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Prepping & Survival

Places to Avoid After an EMP Strike

In a world characterized by increased reliance on electronic systems, the potential of disruption to our daily lives due to a failure of these systems seems an ever more likely and inevitable event.

Electronic systems are not impervious, and we often see the devastating results that hackers can have on computer-controlled operations.

EMPs are a seldom mentioned threat, but given their potential to take down power grids and electronic systems, they represent a threat we must take seriously.

EMPs can be the result of nuclear detonations, malicious attacks, or severe solar activity. But no matter their origin, their consequences can cause chaos and endanger lives.

Specific locations will pose a much higher risk to physical safety in the event of an EMP. Careful consideration and proactive planning will enable you to avoid these places and situations and take measures to ensure your survival.

In this article, we will explore the top dangerous locations to avoid during or after an EMP and offer some ideas on mitigating the risks should you find yourself in the midst of these during or after an EMP.

The First States That Will Go Down During an EMP. Do You Live in the Red Zone? (Video)

The most dangerous places to avoid will invariably be those that rely heavily on vulnerable infrastructure and where the failure of these electronic components can have devastating consequences for public safety. Here is an overview:

Airplanes in Flight

Places to Avoid After an EMP StrikeAirplanes depend on electronics for navigation, communication, and flight automation and control systems.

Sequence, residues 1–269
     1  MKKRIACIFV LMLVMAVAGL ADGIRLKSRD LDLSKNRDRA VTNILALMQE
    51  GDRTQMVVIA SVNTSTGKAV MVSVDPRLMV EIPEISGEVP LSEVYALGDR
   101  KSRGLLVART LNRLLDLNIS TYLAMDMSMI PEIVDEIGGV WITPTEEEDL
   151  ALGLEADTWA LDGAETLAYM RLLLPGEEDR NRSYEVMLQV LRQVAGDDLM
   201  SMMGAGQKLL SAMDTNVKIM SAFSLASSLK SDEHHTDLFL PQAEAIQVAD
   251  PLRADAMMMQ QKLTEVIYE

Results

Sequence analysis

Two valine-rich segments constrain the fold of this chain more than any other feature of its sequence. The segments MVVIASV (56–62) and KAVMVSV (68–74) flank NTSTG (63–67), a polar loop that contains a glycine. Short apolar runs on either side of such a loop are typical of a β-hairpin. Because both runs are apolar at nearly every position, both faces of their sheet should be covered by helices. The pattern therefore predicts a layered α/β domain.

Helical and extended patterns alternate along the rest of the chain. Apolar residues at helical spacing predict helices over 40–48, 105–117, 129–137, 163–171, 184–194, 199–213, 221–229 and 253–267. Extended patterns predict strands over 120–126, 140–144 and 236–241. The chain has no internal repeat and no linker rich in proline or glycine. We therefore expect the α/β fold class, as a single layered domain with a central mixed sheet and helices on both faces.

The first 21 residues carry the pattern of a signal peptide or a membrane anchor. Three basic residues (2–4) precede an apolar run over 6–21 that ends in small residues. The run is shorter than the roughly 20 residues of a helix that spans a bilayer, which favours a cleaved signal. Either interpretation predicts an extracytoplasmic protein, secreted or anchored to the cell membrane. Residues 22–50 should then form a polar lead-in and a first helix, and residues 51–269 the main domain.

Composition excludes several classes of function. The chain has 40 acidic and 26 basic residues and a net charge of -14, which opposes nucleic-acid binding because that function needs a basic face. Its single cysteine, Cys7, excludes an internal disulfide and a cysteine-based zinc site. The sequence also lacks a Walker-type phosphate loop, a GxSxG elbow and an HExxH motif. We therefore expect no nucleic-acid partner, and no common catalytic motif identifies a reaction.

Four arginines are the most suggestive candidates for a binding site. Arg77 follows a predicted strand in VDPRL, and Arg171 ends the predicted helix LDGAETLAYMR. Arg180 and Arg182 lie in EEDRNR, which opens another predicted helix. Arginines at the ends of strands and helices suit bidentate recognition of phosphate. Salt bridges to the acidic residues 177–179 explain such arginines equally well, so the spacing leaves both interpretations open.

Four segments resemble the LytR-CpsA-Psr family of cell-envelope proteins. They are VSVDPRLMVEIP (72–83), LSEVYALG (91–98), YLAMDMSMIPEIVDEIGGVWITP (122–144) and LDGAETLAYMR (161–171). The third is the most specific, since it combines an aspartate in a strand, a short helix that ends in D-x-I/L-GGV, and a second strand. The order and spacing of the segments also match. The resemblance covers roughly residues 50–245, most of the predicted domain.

A strong EMP could disable an aircraft’s ability to navigate, communicate, and control certain functions. Avoid aircraft after an EMP until the craft’s safety can be tested and assured.


Airports are hubs where travelers congregate. They rely on electronic systems for air traffic control, runway lighting, and communication with aircraft.

Failing electronic systems could lead to chaos on the ground, the inability to get flights into the air, standard passengers, and even the threat of airplane crashes at the airport.

Avoid airports after severe EMPs, and if you find yourself stranded at an airport, stay calm, gather information on the severity of the EMP, and try to find a safe place where you can wait safely until some order is restored.

Highways and Major Roads

Traffic management systems, including toll booths, roadside assistance, and traffic lights, rely heavily on electronic monitoring and control systems.

Related: 12 Things You Need to Know Before Choosing Your Bug Out Location

The failure of these systems due to EMPs could severely disrupt traffic, cause massive gridlock and congestion, and disrupt traffic flow. This could lead to general chaos, increased road rage incidents, and increased accidents. Avoid busy roadways in the aftermath of an EMP.

Subway Systems

Places to Avoid After an EMP StrikeUnderground trains depend on electronic signaling and electronic systems to keep trains from crashing into one another.

They are also reliant on electricity.